Dr. George Georgiou is a Cockrell Family Regents Chair in Engineering #9 at the University of Texas, Austin. He is also the head of the Laboratory of Protein Therapeutics and Applied Immunology, which since 2009 has been focused on the discovery and development of protein therapeutics and on the analysis of adaptive immune responses. Dr. Georgiou's current projects include Engineering and preclinical/clinical development of human enzyme therapeutics for the treatment of solid tumors and leukemias; Development of methods for the molecular-level identification of the human antibody repertoire in blood and in secretions, and Analysis of the antibody repertoire elicited by viral infection (e.g. HIV-1) and vaccination to aid the development of more efficient vaccination strategies, among others. Earlier work by the Georgiou lab focused on redox homeostasis and protein biogenesis in bacteria and on the development of platform technologies for protein expression and engineering. These studies led to a number of mechanistic advances that are being used commercially for therapeutic protein manufacturing and protein engineering.
Jacob Glanville, Chief Science Officer, Distributed Bio, Seattle
In the past five years, high throughput immune repertoire sequencing has gone from a novel technique to a ubiquitous assay in immunology, bioengineering and diagnostics discovery. Although the method has given rise to numerous companies and has become increasingly commoditized, its users continue to grapple with the challenge of identifying best applications, best analytical practices, and creating models that fruitfully capture the fundamental diversity structure of the data under investigation. In this seminar I'll introduce our mission of commoditizing routine interpretation of complex repertoire datasets, and review some of what we consider to be the most and least productive uses of repertoire sequencing that have emerged.
Jacob Glanville did his undergraduate studies in Molecular and Cell Biology at UC Berkeley, with an emphasis in Genetics, Genomics and Development. He performed research in two academic laboratories that specialized in quantitative biology. In Dr. Glenys Thomson's HLA Population Genetics laboratory, Jacob designed HLA allele drift simulators, and developed equivalency metrics across HLA typing protocols of various resolutions. In Dr. Sjolander's Berkeley Phylogenomics Group, Jacob published an automated webserver pipeline for phylogenomic functional analysis of proteins. In March 2008, Jacob was recruited to become Principal Scientist at Pfizer's Rinat research facility, where he developed novel computational immunology methods for characterizing and optimizing functions of the adaptive immune system. His published research emphasizes the sequence, structure and functional analysis of antibody repertoires for characterizing genetic variation in patient populations, optimizing phage display libraries based on profiles of natural selection, and engineering monoclonal antibody biologic medicines. Jacob joined as the Scientific Director of Distributed Bio in April 2012.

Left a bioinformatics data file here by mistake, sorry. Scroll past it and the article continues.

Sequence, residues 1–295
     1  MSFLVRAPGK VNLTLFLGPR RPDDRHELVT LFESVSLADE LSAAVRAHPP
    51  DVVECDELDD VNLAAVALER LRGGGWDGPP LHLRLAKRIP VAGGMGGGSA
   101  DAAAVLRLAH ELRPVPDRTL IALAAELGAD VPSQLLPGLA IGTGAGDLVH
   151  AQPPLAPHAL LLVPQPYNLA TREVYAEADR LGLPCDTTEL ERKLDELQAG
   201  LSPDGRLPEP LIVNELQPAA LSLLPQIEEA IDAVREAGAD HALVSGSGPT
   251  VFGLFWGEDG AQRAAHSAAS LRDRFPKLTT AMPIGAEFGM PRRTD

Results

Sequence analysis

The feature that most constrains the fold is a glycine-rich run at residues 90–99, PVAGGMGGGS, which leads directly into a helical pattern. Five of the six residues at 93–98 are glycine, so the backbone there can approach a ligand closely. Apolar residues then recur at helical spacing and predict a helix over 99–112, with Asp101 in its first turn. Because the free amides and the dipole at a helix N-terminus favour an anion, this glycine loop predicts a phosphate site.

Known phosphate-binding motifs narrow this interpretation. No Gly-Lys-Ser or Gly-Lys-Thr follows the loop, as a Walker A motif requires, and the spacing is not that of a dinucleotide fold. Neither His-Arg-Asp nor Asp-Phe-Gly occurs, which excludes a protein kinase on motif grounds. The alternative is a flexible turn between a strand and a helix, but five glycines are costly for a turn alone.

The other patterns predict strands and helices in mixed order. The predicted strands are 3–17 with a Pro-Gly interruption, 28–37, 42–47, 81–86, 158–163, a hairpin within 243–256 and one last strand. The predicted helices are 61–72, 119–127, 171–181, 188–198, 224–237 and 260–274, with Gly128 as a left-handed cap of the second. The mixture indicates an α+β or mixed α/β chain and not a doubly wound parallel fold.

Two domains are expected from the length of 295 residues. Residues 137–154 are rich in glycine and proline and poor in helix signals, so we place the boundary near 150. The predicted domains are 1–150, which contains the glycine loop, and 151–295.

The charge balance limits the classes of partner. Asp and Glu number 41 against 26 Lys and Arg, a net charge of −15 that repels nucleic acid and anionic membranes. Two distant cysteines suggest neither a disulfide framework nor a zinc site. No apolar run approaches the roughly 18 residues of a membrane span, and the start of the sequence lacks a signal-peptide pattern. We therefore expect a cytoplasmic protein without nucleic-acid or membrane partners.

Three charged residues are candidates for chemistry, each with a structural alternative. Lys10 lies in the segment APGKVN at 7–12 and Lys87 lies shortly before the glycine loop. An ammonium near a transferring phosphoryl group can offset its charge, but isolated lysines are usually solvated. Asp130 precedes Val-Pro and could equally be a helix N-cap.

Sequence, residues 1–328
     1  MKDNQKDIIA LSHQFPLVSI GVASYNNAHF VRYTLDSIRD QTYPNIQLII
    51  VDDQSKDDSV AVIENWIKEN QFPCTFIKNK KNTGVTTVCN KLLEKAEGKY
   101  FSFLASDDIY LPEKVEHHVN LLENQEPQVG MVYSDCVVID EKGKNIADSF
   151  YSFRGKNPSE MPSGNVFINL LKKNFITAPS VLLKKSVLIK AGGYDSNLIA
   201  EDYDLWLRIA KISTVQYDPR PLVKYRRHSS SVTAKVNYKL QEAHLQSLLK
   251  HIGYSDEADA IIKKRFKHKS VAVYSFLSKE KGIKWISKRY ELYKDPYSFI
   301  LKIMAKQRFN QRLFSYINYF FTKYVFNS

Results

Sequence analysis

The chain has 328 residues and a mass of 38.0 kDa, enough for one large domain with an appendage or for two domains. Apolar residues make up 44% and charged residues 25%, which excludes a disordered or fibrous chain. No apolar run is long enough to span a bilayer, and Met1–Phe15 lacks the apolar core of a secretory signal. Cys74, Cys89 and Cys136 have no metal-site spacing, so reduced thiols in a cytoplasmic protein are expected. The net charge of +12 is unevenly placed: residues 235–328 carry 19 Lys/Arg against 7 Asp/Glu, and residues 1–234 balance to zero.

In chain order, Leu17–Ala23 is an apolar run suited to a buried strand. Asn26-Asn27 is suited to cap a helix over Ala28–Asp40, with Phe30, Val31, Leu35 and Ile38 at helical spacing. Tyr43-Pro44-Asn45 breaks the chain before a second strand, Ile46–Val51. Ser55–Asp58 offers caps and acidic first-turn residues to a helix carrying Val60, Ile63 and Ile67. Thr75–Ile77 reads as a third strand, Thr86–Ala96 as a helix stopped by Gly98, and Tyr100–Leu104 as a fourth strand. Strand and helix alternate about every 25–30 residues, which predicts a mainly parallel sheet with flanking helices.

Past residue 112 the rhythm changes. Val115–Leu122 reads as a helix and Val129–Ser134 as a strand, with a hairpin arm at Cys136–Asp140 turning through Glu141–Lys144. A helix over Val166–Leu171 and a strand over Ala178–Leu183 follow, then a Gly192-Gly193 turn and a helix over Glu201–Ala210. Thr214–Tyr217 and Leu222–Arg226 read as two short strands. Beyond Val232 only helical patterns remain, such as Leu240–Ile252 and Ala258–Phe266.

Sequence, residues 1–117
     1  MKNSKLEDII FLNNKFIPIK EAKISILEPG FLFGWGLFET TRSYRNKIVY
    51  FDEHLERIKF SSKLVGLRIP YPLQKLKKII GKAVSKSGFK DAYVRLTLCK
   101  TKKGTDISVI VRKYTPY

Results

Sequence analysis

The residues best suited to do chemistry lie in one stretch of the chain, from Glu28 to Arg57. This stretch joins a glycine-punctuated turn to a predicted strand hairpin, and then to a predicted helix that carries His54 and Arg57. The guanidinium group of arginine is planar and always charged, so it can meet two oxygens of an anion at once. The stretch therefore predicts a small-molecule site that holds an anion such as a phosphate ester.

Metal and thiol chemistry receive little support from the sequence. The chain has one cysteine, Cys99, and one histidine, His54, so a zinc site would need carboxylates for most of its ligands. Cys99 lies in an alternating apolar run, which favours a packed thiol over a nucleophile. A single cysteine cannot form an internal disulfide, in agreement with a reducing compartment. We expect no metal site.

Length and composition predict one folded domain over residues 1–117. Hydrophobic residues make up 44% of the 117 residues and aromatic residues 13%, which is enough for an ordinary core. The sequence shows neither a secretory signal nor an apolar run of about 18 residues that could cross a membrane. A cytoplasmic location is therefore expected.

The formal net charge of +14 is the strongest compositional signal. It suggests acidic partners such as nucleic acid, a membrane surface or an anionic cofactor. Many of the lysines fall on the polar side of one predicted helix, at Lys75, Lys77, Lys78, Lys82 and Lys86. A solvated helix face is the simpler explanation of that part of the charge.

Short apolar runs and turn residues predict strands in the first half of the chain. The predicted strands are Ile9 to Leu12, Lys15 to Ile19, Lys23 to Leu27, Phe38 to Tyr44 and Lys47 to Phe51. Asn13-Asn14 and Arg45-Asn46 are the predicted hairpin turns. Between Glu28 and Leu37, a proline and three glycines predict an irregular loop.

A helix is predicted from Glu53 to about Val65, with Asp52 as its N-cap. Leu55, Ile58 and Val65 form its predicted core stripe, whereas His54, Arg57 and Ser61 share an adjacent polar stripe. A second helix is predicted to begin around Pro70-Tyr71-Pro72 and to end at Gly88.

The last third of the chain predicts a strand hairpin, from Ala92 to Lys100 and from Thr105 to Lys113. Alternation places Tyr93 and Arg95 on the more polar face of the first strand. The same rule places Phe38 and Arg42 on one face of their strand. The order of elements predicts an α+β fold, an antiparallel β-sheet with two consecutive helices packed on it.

Dr Andrew Bradbury, Group Leader, Advanced Measurement Science, Los Alamos National Laboratory
Dr. Andrew Bradbury was trained in medicine at the universities of Oxford and London, and subsequently practiced medicine for five years in the UK. He received his Ph.D. (Cambridge University) in the MRC Laboratory of Molecular Biology under the guidance of Dr. Cesar Milstein. After his Ph.D. he spent ten years in Italy: three years as a post doc in the CNR Institute of neurobiology, Rome, Italy; and seven years in Trieste, where he was first visiting professor, and subsequently tenured as assistant professor at the International School for Advanced Studies (SISSA, Trieste, Italy). He has been a staff member at Los Alamos National Lab since July 1999.
He has worked in the field of phage display and antibody engineering for fifteen years, and has helped organize over thirty international congresses and practical courses in this field, both in Europe and the US. He has published over eighty peer reviewed articles, including a number of reviews and commentaries on phage display and antibody engineering, and has 12 filed patents/invention disclosures. He is one of the founder members of “The Antibody Society”, and is on the editorial board of three journals.
Dr. Bradbury's research interests include the application of phage antibody display methods to the study and treatment of human disease and the development of affinity reagents based on fluorescent proteins which he believes will become the affinity reagents of choice for high throughput biology.
Dr. Bradbury's research is funded in part by the New Mexico Spatiotemporal Modeling Center, one of the NIGMS-funded National Centers for Systems Biology.
Dr Jamie Scott, Tier 1 Canada Research Chair in Molecular Immunity, Simon Fraser University